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Do You Need PIM?

Data synchronization creates new class of apps

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Manufacturers and consumer packaged goods (CPG) firms no longer have a choice: Item data must conform to mandates from large retailers such as Wal-Mart, Lowe's, and Home Depot. IT executives in the supply chain will have to face some tough decisions on data synchronization.

Typically item data resides in ERP systems, so one option is to synchronize all this ERP data with the new, required standards. By far the most important standard is the Uniform Commercial Code (UCC), which allows suppliers and retailers to use the UCCnet data pool. So tuning your ERP to UCCnet might sound like a good idea.

But George Lawrie, analyst with Forrester Research, says ERP just isn't up to the task. "ERP data tells me how to build an item and how to bill for it. A typical ERP item might have about 10 to 15 attributes. But retailers require at least 151 core UCC standard attributes per item."

In addition UCC standards tend to be more dynamic, and they are still evolving. "Do you want to update all your ERP systems every time there is a change to the UCC specifications?" Lawrie asks. "I don't think so. ERP data should be viewed as a subset of UCC."

Instead of trying to adapt ERP to the brave new world of global item data repositories, CPG firms and manufacturers should think in terms of isolating and abstracting all this new data. Some vendors are already pushing a new category of product to do just this, product information management (PIM) software. PIM products vary, but most are designed to consolidate item data in one place.

AMR Research analyst Kara Romanow warns, however, against letting vendors dictate your strategy. An important question to ask, she says, is "Do you need a single, new data repository inside the firewall?" If so, PIM vendors such as Trigo, recently acquired by IBM, and Haht Commerce, recently acquired by Global eXchange Services, can help you build it.

However, a new piece of packaged software may not be necessary. Take Q.E.P. Company, for example. "About a year ago the letters started to come in from our major retail customers such as Home Depot and Lowe's that we needed to get compliant with UCCnet," says Ron Stich, UCCnet coordinator for Q.E.P., a manufacturer of flooring tools.

Already a customer of Sterling Commerce, Q.E.P. used Sterling's connectivity and integration expertise to plug into UCCnet. Q.E.P. essentially built a PIM tool in-house. "We knew we needed a superstructure, a kind of gatekeeper for our item data," says Stich. "We were fortunate enough to have a brilliant RPG [Report Program Generator] programmer who said, 'I can build this.'"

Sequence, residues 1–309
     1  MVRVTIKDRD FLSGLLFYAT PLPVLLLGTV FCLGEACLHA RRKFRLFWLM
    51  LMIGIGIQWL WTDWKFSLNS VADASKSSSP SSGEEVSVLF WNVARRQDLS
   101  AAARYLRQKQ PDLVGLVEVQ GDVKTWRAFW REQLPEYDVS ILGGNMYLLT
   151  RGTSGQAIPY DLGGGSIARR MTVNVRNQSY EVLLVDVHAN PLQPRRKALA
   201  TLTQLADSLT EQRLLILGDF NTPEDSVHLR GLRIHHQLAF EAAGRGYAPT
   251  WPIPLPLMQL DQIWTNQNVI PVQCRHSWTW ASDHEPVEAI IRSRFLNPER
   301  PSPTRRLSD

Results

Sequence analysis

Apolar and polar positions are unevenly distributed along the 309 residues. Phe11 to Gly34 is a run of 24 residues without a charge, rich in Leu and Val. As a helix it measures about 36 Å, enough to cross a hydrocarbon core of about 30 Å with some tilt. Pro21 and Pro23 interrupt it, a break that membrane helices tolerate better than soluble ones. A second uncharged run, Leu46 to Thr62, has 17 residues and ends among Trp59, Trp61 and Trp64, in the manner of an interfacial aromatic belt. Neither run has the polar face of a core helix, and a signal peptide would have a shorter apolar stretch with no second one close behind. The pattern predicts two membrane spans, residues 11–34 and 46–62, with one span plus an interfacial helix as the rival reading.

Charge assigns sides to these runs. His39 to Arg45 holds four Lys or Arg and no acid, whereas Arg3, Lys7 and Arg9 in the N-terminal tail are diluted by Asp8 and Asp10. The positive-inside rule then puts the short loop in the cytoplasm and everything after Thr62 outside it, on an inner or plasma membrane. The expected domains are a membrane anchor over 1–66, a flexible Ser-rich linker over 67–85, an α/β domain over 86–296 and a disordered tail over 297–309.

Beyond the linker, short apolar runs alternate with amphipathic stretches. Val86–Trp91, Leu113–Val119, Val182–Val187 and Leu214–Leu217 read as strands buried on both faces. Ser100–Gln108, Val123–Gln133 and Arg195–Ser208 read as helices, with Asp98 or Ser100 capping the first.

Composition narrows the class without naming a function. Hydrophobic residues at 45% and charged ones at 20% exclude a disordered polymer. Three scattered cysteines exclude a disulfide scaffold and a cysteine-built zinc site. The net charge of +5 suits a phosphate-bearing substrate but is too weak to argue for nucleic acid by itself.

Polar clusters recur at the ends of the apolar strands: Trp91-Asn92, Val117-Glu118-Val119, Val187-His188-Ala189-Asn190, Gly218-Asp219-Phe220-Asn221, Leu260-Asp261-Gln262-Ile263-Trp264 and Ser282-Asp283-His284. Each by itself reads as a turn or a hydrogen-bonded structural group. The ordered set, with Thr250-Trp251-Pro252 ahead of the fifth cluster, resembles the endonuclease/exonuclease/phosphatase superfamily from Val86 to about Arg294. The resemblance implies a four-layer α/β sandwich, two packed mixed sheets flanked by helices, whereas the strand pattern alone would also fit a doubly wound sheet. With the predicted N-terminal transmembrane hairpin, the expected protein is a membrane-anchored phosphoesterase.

Q.E.P. retains multiple ERP systems, but now any new item data must go through the new catalog, enforcing consistency and compliance with UCCnet and mandates from the firm's big retail customers. Stich says it was largely a matter of discipline, something Michael Dominy, analyst with the Yankee Group, emphasizes. "Data synchronization does not have to be a huge investment like ERP," says Dominy. It really is more about discipline than technology.

Stephen Levandowski, CTO of Central Garden and Pet Co. recognizes this. Central is essentially a holding company, consisting of more than 20 different lawn, garden, and pet supply firms. "We chose Haht Commerce to create a central platform to ensure compliance with Wal-Mart UCCnet mandates," says Levandowski.

The discipline comes in requiring all the business units to feed item data into the Haht repository. But the architecture leaves existing ERP systems intact. "We use a subset of the Haht PIM features," says Levandowski.

In a recent Forrester report, Lawrie refers to the "data synchronization journey," and advises manufacturers and CPG firms to look beyond current mandates. Levandowski certainly is. "RFID [radio frequency identification] is coming," he says, "We are already thinking about how to leverage our PIM work for that."

Mark Leon is a freelance business and technology reporter.

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Brian T. Horowitz, Contributing Reporter
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Jessica Davis, Senior Editor
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Sara Peters, Editor-in-Chief, InformationWeek / Network Computing